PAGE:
State shops for management experts to run new rail system

Imara Daima  railway station along Mombasa road in this picture filed on 25th June,2014

Process to recruit reputable managers for SGR has already been set into motion

The Government plans to outsource the management of the planned high-speed Standard Gauge Railway (SGR) to an international firm.

The decision, according to Solomon Ouna, project manager in-charge of the SGR Development, is informed by the lack of capacity to run high speed modern system by the Kenya Railways Corporation (KRC). The  multi-billion shilling railway line will be operating between Mombasa and Malaba, with a branch line to Kisumu.

He said the state-owned corporation lacked the capacity and technical expertise to operate the new line.

Ouna said a process is already underway to hire a consultant to advise on the recruitment of reputable managers for the proposed railway line.

"There will be an international tender to identify the best operator possible. The whole project is so big - necessitating that we source for a consultant who is familiar with the process.  We are in the process of acquiring that consultant," he explained.

Ouna was speaking during a forum on Rail Transport Policy in Kenya held in Nairobi yesterday. The event was organised by the Institute of Economic Affairs (IEA).

The SGR, which is expected to connect the Kenyan Indian Ocean seafront and the Great Lakes Region with high capacity standard gauge railway was commissioned by President Uhuru Kenyatta in November last year.

Construction work on the project is expected to start in October this year and the initial phase comprising a 500km stretch from Mombasa to Nairobi is due to be finished in December 2017.

The targeted countries include Uganda, DRC, Rwanda, Burundi, Southern Sudan, Northern Tanzania and Ethiopia.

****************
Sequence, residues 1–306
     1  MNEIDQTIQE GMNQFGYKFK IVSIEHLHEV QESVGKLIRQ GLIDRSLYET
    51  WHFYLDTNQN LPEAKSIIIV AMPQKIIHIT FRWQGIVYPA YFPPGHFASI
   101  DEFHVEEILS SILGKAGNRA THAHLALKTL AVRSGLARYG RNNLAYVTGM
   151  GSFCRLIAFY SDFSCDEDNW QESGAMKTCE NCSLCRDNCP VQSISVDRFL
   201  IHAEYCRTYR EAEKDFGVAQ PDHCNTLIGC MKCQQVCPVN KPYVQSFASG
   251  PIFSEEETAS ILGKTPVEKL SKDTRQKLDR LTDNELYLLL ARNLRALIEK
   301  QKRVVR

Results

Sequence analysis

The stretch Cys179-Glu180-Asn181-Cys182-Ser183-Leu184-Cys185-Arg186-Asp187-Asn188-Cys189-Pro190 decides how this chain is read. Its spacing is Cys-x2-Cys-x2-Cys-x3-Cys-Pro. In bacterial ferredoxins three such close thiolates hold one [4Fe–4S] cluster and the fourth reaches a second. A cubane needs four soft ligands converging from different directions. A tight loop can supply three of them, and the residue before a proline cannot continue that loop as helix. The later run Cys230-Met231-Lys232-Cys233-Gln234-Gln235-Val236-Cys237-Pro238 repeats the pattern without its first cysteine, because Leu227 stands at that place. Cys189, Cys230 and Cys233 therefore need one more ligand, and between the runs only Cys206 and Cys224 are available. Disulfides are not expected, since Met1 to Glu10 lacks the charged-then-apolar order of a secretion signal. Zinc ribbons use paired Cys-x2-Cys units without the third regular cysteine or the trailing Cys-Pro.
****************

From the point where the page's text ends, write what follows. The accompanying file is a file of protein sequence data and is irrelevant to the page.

The Mombasa-Nairobi-Malaba/Kisumu Standard Gauge Railway is part of a section of the Northern Corridor— a transport artery for Kenya, northern Tanzania, Rwanda, Burundi, Eastern DRC, Southern Sudan and Ethiopia.

The SGR project will be built by the China Roads and Bridge Construction Company. It will connect to the Kampala line and extend to Kigali, with the estimated total distance standing at 2,935km.

The initial phase (Mombasa-Nairobi) whose cost is estimated at Sh327 billion will be funded by the Chinese government (90 per cent) and Kenyan government will finance the remaining 10 per cent of the cost.

The high-speed railway line is intended to transform the country's railway transport system  from an archaic and outdated network to a modern system in line with the aspirations of Vision 2030.

Its key specifications include operating speeds of between 80 km/h and 120Km/h for freight and passenger trains respectively.

The transit time will be eight hours for freight trains and four hours and 30 minutes for passengers' trains.

This project is expected to transfer freight from roads to rail, reducing rapid damage of the region's roads, besides  providing safe transport system.

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